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Saturday, July 12, 2008

Freddie and the Fed Rumors

by Tanta on 7/12/2008 08:48:00 AM

Which is not the name of a band but probably should be.

Via Big Picture, we find this at Bloomberg:

July 11 (Bloomberg) -- The Federal Reserve has not had any discussions with Fannie Mae and Freddie Mac about access to direct loans from the central bank, Fed spokeswoman Michelle Smith said.

``Federal Reserve officials are following the situation closely,'' Smith said in a telephone interview today. ``However, there have been no discussions'' with the companies ``about access to the discount window,'' she said.
This is what Reuters reported yesterday afternoon:
WASHINGTON (Reuters) - Federal Reserve Chairman Ben Bernanke told Freddie Mac chief Richard Syron that his company and Fannie Mae could take advantage of the emergency discount window, according to a source familiar with the conversation.

The source said that Bernanke and Syron spoke by phone Thursday afternoon and the central bank chief said in that call he intended the discount window to be opened if necessary to the two largest U.S. mortgage finance companies.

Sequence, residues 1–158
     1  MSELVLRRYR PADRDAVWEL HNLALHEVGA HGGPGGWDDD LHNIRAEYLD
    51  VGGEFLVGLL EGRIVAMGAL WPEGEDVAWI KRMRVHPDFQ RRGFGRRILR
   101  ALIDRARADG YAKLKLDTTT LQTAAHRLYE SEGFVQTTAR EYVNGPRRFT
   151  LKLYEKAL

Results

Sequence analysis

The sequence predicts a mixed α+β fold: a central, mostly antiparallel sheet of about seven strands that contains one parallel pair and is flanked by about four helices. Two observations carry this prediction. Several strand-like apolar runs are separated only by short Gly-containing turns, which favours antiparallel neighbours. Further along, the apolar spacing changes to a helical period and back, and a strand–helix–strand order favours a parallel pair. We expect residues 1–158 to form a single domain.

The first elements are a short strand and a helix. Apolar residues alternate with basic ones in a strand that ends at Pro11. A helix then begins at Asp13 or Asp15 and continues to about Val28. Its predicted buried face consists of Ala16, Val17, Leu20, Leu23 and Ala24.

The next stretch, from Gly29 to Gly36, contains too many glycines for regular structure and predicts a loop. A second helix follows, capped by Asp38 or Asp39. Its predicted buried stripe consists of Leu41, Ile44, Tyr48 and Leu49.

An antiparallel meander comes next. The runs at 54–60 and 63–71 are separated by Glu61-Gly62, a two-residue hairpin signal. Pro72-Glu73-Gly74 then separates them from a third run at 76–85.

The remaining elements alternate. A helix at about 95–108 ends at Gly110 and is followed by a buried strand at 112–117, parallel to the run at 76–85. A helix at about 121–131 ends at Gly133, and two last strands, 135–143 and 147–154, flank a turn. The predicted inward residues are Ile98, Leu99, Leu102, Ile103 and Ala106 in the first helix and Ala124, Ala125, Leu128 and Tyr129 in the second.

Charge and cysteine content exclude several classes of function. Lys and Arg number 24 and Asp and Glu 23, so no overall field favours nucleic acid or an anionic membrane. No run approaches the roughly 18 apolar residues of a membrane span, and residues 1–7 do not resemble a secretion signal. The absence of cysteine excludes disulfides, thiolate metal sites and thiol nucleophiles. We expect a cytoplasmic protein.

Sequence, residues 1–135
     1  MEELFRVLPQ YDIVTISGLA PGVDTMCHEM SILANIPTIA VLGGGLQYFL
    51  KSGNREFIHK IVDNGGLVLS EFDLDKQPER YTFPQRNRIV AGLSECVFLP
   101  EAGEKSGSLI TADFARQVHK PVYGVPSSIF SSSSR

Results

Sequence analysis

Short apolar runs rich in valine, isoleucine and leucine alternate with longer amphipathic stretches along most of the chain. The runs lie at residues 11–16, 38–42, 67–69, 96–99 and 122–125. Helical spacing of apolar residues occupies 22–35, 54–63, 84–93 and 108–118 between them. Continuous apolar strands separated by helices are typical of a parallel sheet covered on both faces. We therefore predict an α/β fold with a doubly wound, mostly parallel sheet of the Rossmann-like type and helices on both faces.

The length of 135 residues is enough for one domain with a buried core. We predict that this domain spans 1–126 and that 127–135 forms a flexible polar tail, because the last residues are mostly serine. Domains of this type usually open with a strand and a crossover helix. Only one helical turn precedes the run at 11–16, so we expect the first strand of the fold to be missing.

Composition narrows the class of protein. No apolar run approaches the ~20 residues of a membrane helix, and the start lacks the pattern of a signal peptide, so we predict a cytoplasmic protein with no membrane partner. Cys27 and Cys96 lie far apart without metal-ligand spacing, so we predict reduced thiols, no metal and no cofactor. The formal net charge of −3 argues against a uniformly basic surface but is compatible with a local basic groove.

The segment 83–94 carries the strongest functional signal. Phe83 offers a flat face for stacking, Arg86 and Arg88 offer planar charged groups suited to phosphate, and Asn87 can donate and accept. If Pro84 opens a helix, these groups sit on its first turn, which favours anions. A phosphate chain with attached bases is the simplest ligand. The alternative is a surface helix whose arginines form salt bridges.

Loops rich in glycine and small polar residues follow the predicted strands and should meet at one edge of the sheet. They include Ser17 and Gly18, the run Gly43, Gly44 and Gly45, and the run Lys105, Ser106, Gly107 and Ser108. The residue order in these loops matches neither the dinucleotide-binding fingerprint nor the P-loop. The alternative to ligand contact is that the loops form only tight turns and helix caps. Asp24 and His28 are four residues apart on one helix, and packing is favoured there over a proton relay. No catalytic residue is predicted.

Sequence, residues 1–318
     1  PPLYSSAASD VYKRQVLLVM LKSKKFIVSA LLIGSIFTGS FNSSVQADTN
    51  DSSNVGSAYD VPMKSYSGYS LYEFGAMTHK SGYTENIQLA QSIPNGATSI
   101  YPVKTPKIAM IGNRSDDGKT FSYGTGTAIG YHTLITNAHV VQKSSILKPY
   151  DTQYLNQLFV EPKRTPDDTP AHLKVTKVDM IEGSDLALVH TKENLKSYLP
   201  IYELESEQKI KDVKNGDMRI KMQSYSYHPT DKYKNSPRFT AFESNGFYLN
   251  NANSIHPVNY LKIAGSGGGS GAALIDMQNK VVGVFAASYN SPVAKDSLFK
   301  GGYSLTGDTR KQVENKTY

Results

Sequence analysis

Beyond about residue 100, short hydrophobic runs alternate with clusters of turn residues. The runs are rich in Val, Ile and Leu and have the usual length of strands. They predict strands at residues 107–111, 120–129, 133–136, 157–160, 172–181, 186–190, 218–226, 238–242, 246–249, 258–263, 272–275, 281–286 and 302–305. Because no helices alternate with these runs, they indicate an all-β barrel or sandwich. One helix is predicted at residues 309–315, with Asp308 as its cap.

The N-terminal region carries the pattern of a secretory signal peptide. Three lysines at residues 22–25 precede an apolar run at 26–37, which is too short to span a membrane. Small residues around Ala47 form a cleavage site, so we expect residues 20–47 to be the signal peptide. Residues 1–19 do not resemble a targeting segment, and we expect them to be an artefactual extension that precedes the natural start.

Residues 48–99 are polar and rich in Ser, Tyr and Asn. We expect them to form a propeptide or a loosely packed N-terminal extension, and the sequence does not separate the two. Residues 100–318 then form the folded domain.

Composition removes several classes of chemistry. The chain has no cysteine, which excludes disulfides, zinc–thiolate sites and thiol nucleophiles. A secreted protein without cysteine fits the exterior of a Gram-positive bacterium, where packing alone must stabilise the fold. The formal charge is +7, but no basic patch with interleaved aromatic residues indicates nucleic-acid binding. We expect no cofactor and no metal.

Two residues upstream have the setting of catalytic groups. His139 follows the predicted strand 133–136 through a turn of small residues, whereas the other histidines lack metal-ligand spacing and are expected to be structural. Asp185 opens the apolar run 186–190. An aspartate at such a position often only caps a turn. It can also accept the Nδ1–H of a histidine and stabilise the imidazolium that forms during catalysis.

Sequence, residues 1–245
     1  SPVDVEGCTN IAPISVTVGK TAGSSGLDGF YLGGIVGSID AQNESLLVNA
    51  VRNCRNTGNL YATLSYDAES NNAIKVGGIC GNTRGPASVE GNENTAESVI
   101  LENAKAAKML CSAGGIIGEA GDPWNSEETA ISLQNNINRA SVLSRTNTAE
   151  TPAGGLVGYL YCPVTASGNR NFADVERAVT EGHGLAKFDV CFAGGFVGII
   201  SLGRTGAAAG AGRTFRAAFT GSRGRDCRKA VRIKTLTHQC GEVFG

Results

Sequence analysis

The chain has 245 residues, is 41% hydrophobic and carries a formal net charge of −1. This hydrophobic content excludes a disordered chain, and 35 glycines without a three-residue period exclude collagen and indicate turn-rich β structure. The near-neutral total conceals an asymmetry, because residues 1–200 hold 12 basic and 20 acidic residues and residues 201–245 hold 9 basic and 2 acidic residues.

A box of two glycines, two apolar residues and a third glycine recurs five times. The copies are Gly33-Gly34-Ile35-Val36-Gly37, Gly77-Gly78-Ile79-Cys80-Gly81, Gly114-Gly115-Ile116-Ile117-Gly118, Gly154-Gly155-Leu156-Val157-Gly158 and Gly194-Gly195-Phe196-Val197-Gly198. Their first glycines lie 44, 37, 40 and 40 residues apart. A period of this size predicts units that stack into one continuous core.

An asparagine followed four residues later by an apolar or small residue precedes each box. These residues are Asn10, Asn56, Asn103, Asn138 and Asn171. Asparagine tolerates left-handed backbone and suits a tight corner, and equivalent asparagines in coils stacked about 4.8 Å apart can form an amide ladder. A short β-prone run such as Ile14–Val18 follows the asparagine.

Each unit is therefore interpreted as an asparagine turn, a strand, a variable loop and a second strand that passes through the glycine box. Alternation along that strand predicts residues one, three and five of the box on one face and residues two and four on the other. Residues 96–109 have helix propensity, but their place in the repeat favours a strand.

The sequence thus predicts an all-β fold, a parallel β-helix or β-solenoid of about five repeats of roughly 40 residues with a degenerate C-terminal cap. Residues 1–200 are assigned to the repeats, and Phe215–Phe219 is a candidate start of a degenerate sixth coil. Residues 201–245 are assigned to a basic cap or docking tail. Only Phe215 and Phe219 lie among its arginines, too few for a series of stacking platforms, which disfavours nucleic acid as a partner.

I got my first email on the subject Friday morning at 10:20 a.m., the burden of which was that opening the discount window was one of a number of proposals the Fed was "considering." I gather it took only a few hours for an anonymous source to have recollected overhearing a phone conversation between Bernanke and Syron on Thursday for Reuters that made it a done deal.

This morning, the Washington Post has managed to construct a narrative that makes it all true, you see:
Senior government officials prepared emergency steps yesterday to rescue troubled mortgage giants Fannie Mae and Freddie Mac but stopped short after a campaign of public statements eased immediate concerns about the stability of the institutions.
In this version, apparently, the Fed was ready to open the discount window but Hank Paulson's masterful calming of the waters yesterday made it unnecessary. I think. The Post story stops attributing its knowledge of Fed thinking and planning to any source rather early in the story, and having read it twice now I'm still not sure I exactly follow the bouncing ball. But it sure sounds better than saying the press credulously printed an unfounded rumor, doesn't it?